4. Failure to have an adequate validation procedure for computerized spreadsheets used for in-process and finished product analytical calculations. The current validation procedure uses only the values that result in within specification findings, aberrant high findings, and aberrant low findings [21 CFR 211.165(e)].
For example, SOP 644.00, QA/QC Spreadsheet Validation, is deficient in that only a small range of values are being used to challenge computerized spreadsheet mathematical calculations.
5. Failure to use fully validated computer spreadsheets to calculate analytical results for in-process and finished product testing [21 CFR 211.165(e)]. For example, the computer spreadsheets used to calculate analytical results for [redacted] have not been validated.
6. Failure to have appropriate controls over computerized laboratory systems to assure that changes in or deletions of records are instituted only by authorized personnel [21 CFR 211.165(e)].
For example, instrumentation where data is stored on the interfacing computer hard drive up to thirty days prior to being written on a compact disk for storage is available to all analysts. While the data exists on the hard drives, any analyst can access, print, or delete the data.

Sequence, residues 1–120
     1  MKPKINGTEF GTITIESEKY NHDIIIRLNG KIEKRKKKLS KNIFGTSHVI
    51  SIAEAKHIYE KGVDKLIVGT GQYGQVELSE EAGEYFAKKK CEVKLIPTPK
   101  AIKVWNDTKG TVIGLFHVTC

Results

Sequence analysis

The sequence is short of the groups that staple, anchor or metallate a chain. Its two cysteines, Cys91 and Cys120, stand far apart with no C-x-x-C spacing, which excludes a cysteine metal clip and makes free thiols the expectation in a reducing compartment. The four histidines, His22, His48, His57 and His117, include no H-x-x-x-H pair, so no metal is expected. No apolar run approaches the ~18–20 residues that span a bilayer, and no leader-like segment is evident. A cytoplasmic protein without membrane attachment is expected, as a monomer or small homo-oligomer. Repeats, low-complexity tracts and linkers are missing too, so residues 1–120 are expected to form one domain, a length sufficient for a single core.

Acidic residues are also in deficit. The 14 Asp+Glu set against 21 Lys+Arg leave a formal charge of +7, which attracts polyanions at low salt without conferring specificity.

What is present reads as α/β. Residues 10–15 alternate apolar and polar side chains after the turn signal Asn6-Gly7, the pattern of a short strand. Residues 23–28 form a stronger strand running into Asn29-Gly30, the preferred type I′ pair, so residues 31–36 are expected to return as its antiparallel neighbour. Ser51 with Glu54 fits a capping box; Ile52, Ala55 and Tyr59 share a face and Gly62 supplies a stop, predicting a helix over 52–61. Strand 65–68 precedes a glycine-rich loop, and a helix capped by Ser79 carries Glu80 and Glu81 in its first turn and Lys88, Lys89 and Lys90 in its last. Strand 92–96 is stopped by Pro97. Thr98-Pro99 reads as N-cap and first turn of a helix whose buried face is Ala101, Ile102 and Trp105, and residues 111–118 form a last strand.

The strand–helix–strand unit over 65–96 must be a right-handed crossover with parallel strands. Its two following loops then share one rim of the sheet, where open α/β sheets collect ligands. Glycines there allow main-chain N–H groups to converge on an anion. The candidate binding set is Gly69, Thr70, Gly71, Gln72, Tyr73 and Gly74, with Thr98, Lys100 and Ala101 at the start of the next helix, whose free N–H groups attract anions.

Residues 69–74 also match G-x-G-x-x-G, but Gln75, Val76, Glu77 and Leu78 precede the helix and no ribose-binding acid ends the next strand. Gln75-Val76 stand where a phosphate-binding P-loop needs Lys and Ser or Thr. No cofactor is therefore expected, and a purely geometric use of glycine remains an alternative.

7. Products were manufactured and shipped in interstate commerce before process validation was successfully completed [21 CFR 211.110(a)]. For example, approximately 115 batches of Acetaminophen [redacted] made and shipped into interstate commerce prior to June 2000 when a successful process validation study was finally completed and approved. Process validation attempts in February, 1999 and January 2000 did not meet all of the validation acceptance criteria.
The above-described violations are not intended to be an all inclusive list of deficiencies at your facility. It is your responsibility to assure adherence to each requirement of the Good Manufacturing Practice Regulations. Federal agencies are advised of the issuance of all warning letters so that they may take this information into account when considering the award of contracts.
You should take prompt action to correct these violations. Failure to achieve prompt correction may result in regulatory action without further notice. Possible actions include seizure and/or injunction.
We acknowledge receipt of a written response to these observations, dated June 29,2001, from James F. Horger, Director, Quality Systems, International Processing Corporation. However, a review indicates that Mr. Horger?s response fails to address the following: